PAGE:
You would pay less interest with regular payments, which gradually reduce your debt.  And more frequent repayments reduce the debt faster, so you pay interest for a shorter time and therefore a lower amount overall.

  • Loans are usually repaid in regular installments – a fixed amount each month, for an agreed term; (there may be a  a penalty charge for early repayment)
  • Credit/Overdrafts are generally more flexible with low or no minimum repayments (but tend to charge higher interest rates)

 
 

Fixed term or early settlement option

Do you want the option to clear your debt early if you do have spare cash? If so, look for flexible borrowing without penalties for early settlement.
 
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Loans and mortgages are usually repaid over a fixed term; some apply a lock-in clause, which prohibits the borrower from prepaying before an agreed time; you would be charged a penalty for early settlement.
(The advantage to lenders is they know they will receive a definite minimum amount of interest payments during the lock-in period.)  Early redemption/early repayment charges may be equivalent to about 1-2 months’ interest, which could add a considerable cost to the debt.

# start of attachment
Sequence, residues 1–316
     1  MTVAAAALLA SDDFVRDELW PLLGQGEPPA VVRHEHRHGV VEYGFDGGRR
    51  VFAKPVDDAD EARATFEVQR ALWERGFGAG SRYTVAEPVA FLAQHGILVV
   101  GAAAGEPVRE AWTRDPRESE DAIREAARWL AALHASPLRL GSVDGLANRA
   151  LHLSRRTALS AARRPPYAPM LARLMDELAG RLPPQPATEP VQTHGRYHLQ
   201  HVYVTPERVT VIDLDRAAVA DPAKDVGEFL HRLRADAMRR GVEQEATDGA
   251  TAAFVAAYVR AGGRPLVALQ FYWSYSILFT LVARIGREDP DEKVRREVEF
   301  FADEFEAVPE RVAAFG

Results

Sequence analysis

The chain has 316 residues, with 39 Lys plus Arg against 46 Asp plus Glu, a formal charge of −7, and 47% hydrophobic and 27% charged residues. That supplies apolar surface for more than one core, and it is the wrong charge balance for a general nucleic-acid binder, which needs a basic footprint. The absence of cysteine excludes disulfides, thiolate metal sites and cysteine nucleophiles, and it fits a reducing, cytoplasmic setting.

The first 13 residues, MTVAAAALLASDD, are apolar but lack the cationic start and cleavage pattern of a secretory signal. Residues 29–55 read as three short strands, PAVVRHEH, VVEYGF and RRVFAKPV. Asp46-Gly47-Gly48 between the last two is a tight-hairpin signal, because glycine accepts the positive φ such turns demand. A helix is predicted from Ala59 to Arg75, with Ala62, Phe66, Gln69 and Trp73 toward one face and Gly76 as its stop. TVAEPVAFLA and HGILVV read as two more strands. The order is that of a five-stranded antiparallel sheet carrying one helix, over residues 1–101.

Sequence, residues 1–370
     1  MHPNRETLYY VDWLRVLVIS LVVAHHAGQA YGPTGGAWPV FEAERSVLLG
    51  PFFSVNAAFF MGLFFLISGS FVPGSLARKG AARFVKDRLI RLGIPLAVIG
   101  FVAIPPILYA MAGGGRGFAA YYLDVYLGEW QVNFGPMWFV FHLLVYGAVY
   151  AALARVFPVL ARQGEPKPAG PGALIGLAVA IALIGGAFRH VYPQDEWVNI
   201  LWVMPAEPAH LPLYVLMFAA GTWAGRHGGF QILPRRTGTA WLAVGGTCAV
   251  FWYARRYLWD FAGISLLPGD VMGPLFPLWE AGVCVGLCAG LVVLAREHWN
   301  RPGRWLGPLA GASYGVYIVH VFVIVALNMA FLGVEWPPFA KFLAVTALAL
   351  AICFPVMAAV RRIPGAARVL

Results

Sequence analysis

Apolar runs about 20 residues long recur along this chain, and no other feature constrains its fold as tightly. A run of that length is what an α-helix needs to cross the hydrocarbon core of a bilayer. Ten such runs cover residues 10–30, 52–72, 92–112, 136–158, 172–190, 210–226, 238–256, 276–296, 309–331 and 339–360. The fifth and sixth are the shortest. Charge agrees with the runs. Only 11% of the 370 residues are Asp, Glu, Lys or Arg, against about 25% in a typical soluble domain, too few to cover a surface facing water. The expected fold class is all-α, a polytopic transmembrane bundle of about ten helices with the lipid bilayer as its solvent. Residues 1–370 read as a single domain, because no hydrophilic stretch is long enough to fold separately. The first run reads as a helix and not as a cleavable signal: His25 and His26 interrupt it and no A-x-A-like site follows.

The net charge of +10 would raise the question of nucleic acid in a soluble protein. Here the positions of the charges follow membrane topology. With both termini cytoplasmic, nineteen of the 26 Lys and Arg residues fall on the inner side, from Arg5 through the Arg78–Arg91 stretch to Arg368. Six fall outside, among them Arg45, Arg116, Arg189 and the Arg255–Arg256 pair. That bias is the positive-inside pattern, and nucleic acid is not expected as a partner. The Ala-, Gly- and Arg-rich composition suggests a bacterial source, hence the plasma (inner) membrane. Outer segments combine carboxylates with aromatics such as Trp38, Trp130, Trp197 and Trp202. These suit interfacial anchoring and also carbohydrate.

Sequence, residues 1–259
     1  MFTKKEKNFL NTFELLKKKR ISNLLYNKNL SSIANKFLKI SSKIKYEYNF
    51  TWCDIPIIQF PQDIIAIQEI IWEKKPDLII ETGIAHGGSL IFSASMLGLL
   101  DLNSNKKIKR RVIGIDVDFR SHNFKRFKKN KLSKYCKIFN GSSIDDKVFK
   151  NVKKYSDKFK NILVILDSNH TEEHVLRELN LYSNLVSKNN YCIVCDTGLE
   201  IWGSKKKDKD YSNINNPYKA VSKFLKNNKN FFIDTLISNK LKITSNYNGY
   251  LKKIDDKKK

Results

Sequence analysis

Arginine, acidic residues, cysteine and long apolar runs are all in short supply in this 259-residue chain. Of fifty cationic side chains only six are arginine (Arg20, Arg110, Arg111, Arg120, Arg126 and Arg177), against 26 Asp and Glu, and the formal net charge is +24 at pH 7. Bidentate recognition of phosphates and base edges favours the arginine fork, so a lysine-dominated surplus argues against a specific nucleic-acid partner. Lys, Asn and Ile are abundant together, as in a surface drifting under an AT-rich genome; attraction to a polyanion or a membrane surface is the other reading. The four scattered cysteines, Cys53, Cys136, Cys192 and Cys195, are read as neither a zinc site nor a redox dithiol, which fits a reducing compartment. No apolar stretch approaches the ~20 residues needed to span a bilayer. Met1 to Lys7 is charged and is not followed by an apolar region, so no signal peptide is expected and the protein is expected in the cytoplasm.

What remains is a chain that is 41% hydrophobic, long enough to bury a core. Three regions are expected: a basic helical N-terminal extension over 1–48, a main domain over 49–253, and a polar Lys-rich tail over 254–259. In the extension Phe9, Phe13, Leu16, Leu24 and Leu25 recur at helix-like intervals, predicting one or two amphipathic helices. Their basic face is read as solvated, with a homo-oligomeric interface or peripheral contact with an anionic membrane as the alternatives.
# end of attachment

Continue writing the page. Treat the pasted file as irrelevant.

Fixed or variable interest rates

Be clear whether the interest rate is fixed or variable because this will affect costs.
 
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Fixed

  • A fixed rate remains unchanged for the term of the debt.
  • Repayments are fixed installments (a set amount on a regular basis), therefore predictable and easy to budget.  For this reason it is usually the preferred option for high value longer-term borrowing e.g. car, property, business etc.
    Most personal loans have fixed rates, but do check.
  • But fixed rates tend to be higher than variable – lenders charge more because they cannot adjust the rate.

 
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Variable

  • A variable rate fluctuates up and down in line with the Bank of England base rate or competitive market forces. Lenders can alter the rate at any time, after giving notice.
  • Any change in interest rate will cause a corresponding rise or fall in monthly repayments and the overall cost of the debt.
  • Most credit and overdrafts have variable rates.